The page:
As cryptocurrencies gain traction within financial markets, bringing the potential to infiltrate the traditional financial systems and expose re/insurers to the possibility of a bubble burst, S&P stated in a report that cryptocurrencies would need some regulation before they could have a major impact on the financial markets.
Analysts believe the current characteristics of a cryptocurrency make it more like a speculative instrument that wouldn’t disrupt global financial stability in the case its market value collapses.
Dr. Mohamed Damak, S&P Global Ratings Financial Institutions Sector Lead, said; “For now, a meaningful drop in cryptocurrencies’ market value would be just a ripple across the financial services industry, still too small to disturb stability or affect the creditworthiness of banks we rate.”
This could change if cryptocurrencies become an asset class, in which case the financial services firms and thus re/insurers could see a more gradual impact.
If cryptocurrencies’ market value were to collapse, the first line of impact would be retail investors, said S&P, adding that banks would likely be mostly insulated due to their relatively limited direct or indirect cryptocurrency exposure.
“We believe that the future success of cryptocurrencies will largely depend on the coordinated approach of global regulators and policymakers to regulate and enhance market participants’ confidence in these instruments,” added Dr. Damak.
However, the potential of cryptocurrencies’ underlying blockchain technology as a disruptor for financial and re/insurance value chains is expected to be a positive for the industry.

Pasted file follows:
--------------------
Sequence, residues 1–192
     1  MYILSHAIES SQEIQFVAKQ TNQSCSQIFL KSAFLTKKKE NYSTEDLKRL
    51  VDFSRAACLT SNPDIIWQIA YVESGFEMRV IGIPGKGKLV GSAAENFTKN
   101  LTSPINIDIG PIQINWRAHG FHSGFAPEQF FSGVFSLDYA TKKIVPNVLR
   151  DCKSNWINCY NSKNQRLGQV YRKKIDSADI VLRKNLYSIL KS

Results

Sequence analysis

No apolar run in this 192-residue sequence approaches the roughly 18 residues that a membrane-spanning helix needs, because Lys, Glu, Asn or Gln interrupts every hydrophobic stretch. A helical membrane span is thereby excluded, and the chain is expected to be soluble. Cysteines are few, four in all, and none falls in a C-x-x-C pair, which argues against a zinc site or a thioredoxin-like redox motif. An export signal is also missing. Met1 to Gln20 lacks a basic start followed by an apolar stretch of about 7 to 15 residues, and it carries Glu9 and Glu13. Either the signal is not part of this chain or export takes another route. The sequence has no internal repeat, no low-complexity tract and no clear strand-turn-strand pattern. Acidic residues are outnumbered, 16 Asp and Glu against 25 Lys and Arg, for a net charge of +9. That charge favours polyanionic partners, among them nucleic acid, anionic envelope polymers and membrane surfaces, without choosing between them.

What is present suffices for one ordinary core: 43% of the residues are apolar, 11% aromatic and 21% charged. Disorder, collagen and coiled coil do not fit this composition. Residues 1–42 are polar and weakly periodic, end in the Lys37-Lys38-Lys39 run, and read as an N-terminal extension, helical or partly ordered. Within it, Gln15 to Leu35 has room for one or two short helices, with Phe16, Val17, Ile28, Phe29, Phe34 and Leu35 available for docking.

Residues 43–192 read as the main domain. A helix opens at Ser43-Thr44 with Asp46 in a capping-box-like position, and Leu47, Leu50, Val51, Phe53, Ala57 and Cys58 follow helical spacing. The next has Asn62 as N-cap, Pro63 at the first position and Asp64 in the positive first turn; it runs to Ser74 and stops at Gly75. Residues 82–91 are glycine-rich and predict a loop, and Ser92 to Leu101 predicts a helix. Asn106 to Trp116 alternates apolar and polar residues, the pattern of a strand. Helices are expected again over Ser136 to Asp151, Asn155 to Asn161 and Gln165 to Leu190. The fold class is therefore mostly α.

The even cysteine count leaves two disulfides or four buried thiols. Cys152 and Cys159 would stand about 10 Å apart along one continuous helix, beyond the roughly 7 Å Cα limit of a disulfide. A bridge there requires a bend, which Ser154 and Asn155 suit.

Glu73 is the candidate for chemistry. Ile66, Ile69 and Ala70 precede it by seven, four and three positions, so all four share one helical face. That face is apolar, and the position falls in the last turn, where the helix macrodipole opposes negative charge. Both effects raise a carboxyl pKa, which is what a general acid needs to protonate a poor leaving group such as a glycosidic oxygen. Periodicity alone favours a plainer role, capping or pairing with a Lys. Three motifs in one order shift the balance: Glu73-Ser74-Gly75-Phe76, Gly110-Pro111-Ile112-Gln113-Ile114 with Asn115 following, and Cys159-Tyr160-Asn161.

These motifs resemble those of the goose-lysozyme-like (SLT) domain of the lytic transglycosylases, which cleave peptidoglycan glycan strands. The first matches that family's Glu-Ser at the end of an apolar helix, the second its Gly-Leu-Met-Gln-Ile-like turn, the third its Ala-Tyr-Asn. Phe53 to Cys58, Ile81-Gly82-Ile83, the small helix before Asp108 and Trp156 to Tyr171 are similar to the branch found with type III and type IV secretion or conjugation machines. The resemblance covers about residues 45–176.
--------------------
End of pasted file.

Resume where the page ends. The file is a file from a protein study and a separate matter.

“If widely adopted, blockchain could have a meaningful and lasting impact on the celerity, traceability, and cost of financial transactions.
“The financial market infrastructure segment might also see benefit from cryptocurrencies and blockchain through the launch of new income-generating products, such as futures or exchanges based on cryptocurrencies, or the replacement of current practices by new ones based on blockchain,” S&P explained.
The entire value-chain of the insurance and risk transfer industry is being explored by InsurTech and blockchain technology innovators for potential disruption that would drive efficiencies.
A prototype of a blockchain powered reinsurance transaction platform was launched in September last year by the group of fifteen global insurers and reinsurers that make up the Blockchain Insurance Industry Initiative, B3i.
According to B3i an industry business case has been built for the distributed ledger platform across the whole value chain, with the firms involved concluding that a productivity gain of up to 30% is achievable.